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da capo

[dah kah-poh; Italian dah kah-paw] /dɑ ˈkɑ poʊ; Italian dɑ ˈkɑ pɔ/
adjective, adverb
repeated from the beginning (used as a musical direction).
a section of music that is to be repeated from the beginning.
Origin of da capo
1715-25; < Italian: literally, from the head; see da, chief Unabridged
Based on the Random House Dictionary, © Random House, Inc. 2017.
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Examples from the Web for da capo
Contemporary Examples
Historical Examples
  • A scramble for the flowers, then out at the gate and on to the next house, and so da capo.

    The Long Roll Mary Johnston
  • Another pinch of the wool-roll, a new turn of the wheel, and da capo.

    Home Life in Colonial Days Alice Morse Earle
  • To use a metaphor from music, her life is a piece marked "da capo."

    Jack O' Judgment Edgar Wallace
  • Then the shriek died away again into a wail and a moan, and so da capo.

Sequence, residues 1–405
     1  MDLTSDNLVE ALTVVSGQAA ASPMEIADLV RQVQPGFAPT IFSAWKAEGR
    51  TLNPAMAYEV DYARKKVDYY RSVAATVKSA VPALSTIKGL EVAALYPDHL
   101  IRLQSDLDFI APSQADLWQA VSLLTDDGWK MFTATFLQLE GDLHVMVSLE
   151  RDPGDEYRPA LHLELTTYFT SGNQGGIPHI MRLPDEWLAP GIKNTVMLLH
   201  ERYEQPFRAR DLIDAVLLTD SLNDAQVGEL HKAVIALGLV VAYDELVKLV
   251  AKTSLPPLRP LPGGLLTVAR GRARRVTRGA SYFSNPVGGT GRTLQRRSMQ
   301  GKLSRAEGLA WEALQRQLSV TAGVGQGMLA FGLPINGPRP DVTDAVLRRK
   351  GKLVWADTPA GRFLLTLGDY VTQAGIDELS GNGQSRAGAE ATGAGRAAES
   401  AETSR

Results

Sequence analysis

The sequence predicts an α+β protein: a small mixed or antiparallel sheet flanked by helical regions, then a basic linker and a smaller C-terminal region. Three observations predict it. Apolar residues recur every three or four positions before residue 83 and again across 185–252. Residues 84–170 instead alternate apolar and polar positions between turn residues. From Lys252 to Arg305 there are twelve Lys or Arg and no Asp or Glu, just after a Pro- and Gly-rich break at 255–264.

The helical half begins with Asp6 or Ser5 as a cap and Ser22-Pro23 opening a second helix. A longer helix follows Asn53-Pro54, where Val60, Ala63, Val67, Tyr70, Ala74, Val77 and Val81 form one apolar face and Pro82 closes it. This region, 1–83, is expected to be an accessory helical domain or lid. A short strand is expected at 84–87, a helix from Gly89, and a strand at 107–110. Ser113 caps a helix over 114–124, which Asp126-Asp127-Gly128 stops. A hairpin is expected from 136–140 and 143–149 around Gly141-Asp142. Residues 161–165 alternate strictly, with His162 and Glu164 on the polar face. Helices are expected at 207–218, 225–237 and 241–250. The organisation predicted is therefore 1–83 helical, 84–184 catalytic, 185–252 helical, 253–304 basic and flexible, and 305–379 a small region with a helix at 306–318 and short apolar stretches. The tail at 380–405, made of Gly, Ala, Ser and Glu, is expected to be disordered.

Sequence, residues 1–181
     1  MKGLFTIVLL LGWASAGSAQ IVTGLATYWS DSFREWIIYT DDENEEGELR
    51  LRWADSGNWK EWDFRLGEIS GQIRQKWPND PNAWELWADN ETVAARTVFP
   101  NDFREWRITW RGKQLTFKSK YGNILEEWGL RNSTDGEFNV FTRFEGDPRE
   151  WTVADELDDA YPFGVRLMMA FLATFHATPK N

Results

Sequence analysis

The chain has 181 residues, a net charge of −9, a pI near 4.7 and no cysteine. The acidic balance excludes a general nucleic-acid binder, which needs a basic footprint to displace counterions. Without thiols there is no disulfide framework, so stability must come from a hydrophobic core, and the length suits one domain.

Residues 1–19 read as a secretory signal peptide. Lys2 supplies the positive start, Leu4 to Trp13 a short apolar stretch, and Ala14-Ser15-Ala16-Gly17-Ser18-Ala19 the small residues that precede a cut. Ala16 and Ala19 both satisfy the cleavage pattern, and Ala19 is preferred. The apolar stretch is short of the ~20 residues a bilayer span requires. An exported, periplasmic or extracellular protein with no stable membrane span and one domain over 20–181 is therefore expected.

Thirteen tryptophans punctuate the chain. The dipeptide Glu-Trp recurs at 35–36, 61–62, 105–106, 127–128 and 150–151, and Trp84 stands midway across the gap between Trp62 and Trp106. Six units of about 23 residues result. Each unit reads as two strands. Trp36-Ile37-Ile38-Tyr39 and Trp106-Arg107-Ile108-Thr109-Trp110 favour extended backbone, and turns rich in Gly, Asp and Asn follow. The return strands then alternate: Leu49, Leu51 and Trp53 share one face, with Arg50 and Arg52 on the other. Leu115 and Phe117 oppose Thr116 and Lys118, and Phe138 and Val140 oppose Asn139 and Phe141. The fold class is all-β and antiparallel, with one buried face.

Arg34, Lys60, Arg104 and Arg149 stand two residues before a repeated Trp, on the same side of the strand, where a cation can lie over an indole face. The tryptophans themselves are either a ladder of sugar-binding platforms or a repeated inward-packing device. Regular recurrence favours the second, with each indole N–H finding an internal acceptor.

The Mark Of Cain Andrew Lang
  • Then, if you want it da capo, give him another tumbler of wine.

  • And then will wake Morrow and the eyes that look on it; and so da capo.

    The Newcomes William Makepeace Thackeray
  • Even in the da capo, however, he gives us a variety of forms!

    Handel Romain Rolland
  • Horror of Petit Patou--and so da capo, endlessly round and round.

    The Mountebank William J. Locke
British Dictionary definitions for da capo

da capo

/dɑː ˈkɑːpəʊ/
adjective, adverb
(music) to be repeated (in whole or part) from the beginning
See also fine3
Word Origin
C18: from Italian, literally: from the head
Collins English Dictionary - Complete & Unabridged 2012 Digital Edition
© William Collins Sons & Co. Ltd. 1979, 1986 © HarperCollins
Publishers 1998, 2000, 2003, 2005, 2006, 2007, 2009, 2012
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